According to the research paper published February 4, 2015 in Marine Biology:
Experimental feeding trials revealed that corals mistake microplastics for prey and can consume up to ~50 μg plastic cm−2 h−1, rates similar to their consumption of plankton and Artemia nauplii in experimental feeding assays. Ingested microplastics were found wrapped in mesenterial tissue within the coral gut cavity, suggesting that ingestion of high concentrations of microplastic debris could potentially impair the health of corals.
Scientists are not clear yet about the long term effect of microplastic ingestion. Corals have evolved to deal with natural participates like detritus and even metals (to an extent), but are corals able to process or expel plastic from their guts? That’s the $64,000 question.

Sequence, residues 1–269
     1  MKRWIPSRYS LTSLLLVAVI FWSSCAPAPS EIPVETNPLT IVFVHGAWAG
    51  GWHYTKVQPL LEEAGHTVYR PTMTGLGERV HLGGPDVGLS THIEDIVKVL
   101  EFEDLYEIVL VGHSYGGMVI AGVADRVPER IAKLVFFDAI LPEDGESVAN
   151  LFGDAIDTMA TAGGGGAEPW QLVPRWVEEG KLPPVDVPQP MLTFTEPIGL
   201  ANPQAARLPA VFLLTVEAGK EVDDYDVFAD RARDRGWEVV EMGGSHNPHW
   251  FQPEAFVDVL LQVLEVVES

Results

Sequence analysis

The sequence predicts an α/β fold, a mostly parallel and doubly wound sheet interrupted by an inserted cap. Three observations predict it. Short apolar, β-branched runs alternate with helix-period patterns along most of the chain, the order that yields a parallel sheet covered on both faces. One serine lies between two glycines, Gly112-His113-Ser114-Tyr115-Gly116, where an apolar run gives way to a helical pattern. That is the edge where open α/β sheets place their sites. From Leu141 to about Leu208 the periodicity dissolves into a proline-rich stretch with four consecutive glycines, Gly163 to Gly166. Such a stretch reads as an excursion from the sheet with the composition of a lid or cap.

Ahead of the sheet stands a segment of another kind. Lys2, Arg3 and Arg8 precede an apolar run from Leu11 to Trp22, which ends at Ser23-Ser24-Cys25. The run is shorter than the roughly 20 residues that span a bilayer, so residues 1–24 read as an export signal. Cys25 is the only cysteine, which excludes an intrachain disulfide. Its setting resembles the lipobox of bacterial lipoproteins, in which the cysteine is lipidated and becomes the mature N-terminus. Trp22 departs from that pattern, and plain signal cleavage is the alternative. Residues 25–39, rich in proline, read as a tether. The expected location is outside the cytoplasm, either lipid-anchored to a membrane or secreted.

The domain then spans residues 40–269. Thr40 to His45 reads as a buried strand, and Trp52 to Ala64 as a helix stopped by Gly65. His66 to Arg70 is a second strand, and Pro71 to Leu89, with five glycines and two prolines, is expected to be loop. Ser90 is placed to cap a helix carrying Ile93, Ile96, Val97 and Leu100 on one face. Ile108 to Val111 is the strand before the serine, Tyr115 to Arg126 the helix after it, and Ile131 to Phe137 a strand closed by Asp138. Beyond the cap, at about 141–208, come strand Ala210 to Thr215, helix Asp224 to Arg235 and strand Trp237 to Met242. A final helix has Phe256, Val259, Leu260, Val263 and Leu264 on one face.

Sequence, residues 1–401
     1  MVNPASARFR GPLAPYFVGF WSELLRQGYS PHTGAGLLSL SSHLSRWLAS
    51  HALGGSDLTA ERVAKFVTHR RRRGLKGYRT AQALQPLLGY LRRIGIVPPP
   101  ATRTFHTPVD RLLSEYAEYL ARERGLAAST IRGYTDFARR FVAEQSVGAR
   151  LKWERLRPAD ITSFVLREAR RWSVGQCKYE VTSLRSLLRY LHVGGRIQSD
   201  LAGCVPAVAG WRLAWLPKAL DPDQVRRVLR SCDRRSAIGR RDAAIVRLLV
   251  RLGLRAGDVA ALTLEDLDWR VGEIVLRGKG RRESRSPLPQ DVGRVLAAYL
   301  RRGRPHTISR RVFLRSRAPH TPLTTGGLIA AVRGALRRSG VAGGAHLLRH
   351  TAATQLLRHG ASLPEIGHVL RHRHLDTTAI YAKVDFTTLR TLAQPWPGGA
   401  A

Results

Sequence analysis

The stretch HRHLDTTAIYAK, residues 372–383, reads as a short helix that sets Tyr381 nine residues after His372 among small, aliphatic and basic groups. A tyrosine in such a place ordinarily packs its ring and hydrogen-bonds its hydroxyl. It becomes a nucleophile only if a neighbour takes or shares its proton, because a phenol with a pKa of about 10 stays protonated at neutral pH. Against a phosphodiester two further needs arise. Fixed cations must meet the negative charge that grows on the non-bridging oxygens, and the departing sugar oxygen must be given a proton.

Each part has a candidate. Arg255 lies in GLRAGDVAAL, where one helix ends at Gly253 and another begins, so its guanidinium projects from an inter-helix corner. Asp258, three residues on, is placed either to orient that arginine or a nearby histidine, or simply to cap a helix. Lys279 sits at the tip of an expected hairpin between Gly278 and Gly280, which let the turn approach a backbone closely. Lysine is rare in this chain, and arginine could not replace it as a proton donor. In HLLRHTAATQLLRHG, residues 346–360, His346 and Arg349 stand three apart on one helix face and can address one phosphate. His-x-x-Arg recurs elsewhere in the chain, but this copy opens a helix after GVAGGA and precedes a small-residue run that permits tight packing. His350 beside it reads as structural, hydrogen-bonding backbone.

We are learning that corals are voracious eaters. Advanced Aquarist has published many articles about coral nutrition in the last couple of years, including:
- Wijgerde, T. Coral Feeding: An Overview (2013)
- Riddle, D. Coral Nutrition, Part Two: Foods for Corals (2015)
- Wijgerde, T. Zooplankton Feeding by Corals Underestimated (2011)
- Ho, L. Ho, L. Feeding juvenile corals brine shrimp drastically increase their growth (2014)
With all the plastic we use in reef aquariums – especially plastic that is exposed to regular friction forces such as in circulation devices and magnet cleaners – we have to wonder how much plastic our corals are ingesting. Could the bioaccumulation of microplastics help explain mysterious husbandry issues such as “old tank syndrome?” Or are corals able to cope with artificial, non-degradable particulates?
We thank Dr. Tim Wijgerde for bringing this research to our attention.
Reference: N. M. Hall, K. L. E. Berry, L. Rintoul, M. O. Hoogenboom (2015). Microplastic ingestion by scleractinian corals. http://dx.doi.org/10.1007/s00227-015-2619-7